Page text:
Reviewed by

Christopher Armstead

So I’m at the video store looking for a movie because I have to pay for these movies just like you do, at least those of you out there who don’t steal movies. I gets no special treatment. I want special treatment but I gets no special treatment. Then I see the cover of this movie ‘A Day in the Life’ with Mekhi Phifer, Omar Epps and Kirk ‘Sticky Fingaz’ Jones on the cover so based on that alone I grab it and take it on home. What I didn’t know was that ‘A Day in the Life’ was a Hip Hopera, but when the characters in the opening scene started rapping and they wouldn’t stop rapping until the final gunshot, sure enough we have a hip-hop rapping musical on our hands. Is this a good thing? Well ‘A Day in the Life’ does have its moments.

Jones is the character of Stick, a young man deep into the game but finding the game has just gotten way more complicated. For starters a rival family run by a character named Black (Faizon Love) is encroaching on his territory, icing his crew and stealing his product. Not very honorable. This unfortunate situation has led to Stick’s hot headed, Sonny Corleone style cousin Phya (Fredro Starr) ignoring Stick’s sage advice and taking matters into his own hands which leads to Phya suffering a fate similar to Sonny which makes Stick mad and sad. Stick’s life is further complicated by his gloriously over-developed girlfriend Heaven (Melinda Santiago) announcing that she is carrying his child, or carrying his ‘seed’ as Stick would say, an event which hastens Stick’s desire to exit the game.

But we all know leaving the game just isn’t that easy. First Stick needs to avenge the affront to his crew and the attempted murder of his cousin which leads to all kinds of death and destruction. Then there’s Stick main supplier P (Drena De Niro) who is none too happy to hear that her number one distributor is trying to leave her high and dry. There’s also the tightening web of the law, particularly a couple of detectives in good cop Grant (Michael Rappaport) and bad cop Lou (Tryin Tuner) who are closing in by simply following the trail of dead bodies. The worst of Stick’s problems, one he’s not even aware of yet, is that his arch enemy Black has gone and hired a hit man with a 100% success rate in King Khi (Phifer) to solve his problems for him.

Working in Stick’s favor is that his homeboy O (Epps), an entrepreneur who has successfully transitioned himself out of the game, has made a way for Stick and his seed carrying girlfriend to escape, and Stick’s brother BamBam (Bokeem Woodbine) is back in town to cover his baby brother’s back. But will it be enough to keep the boy alive so that he can get on that plane? Probably not.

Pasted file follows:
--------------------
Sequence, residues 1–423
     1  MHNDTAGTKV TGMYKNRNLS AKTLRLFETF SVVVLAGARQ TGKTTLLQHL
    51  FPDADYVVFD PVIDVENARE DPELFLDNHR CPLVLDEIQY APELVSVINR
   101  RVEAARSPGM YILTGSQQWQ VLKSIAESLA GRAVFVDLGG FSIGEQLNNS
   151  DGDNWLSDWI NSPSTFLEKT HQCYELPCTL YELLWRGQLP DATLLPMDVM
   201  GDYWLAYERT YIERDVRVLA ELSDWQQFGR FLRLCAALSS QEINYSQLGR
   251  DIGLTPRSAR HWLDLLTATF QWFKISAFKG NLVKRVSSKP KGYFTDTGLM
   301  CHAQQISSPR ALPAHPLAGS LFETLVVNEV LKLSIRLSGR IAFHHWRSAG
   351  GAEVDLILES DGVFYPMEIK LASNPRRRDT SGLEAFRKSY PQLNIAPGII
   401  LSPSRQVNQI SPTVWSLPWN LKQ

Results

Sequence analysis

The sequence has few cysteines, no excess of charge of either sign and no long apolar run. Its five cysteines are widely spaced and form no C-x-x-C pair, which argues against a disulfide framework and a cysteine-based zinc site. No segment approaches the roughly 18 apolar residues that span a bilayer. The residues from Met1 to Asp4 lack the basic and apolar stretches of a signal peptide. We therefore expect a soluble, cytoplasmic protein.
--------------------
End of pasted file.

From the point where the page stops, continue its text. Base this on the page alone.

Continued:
The first thing you’ll notice about ‘A Day in the Life’ is the laundry list of talent that Kirk Jones has assembled for his little Hip Hopera. Jones must be a really, really solid dude to convince all these people to show up in his movie for what I’m sure was little or no money. In addition to the folks we’ve already mentioned there are carefully placed cameos by Clarence Williams III, Nadine Velazquez, Eric Palladino, Treach, Ray and more as this movie is filled with all kinds of recognizable actors with every one of them having to rap their lines. For the most part this technique worked pretty well, especially considering how intricately some of the rhymes were constructed with characters having to talk to each other through the rhymes, sometimes three or four characters at a time.

Of course not everybody can rap because it is a skill no matter how simple it may seem. As such we do have to suffer through the occasional character who tries to rap and can’t rap and then there were those in the cast who knew they couldn’t rap and thus thankfully merely spoke their rhymes somewhat in tune with the beat. Somewhat. Sometimes it’s just hard to find that beat. I gotta say the best scene in the movie was the one with Fazion Love and Mekhi Phifer, actors not rappers, discussing the terms of the deal. There was something about the setup and flow of that particular scene which set it apart.

Where ‘A Day in the Life’ suffers is in its cinematic presentation. The budgetary restraints that director Jones was obviously working with betrayed the overall look of the film as it had a flat and washed out look as opposed to a harsh and gritty look that I’m sure the director was shooting for. The film was plenty energetic but there wasn’t enough energy to change the feeling that one was looking at a ‘video’ as opposed to a ‘film’. Also, while not exactly a criticism, but do recognize that ‘A Day in the Life’ is in the vein of a lot of modern hip-hop in that it is violent, profane and misogynistic. And if hearing numerous variations of the word ‘nigga’ offends you then keep it moving.

But when it all shakes out I did enjoy watching ‘A Day in the Life’ which is the second Hip Hopera I’ve seen with the first being ‘Confessions of a Thug’. ‘Thug’ was probably an overall better movie than ‘Life’ even though it had a quarter of a percent of the star power of ‘Life’, but it was also less risky in that it did deliver a good bit of its dialog using traditional means, where ‘A Day in the Life’ was 100% pure hip-hop.

Real Time Web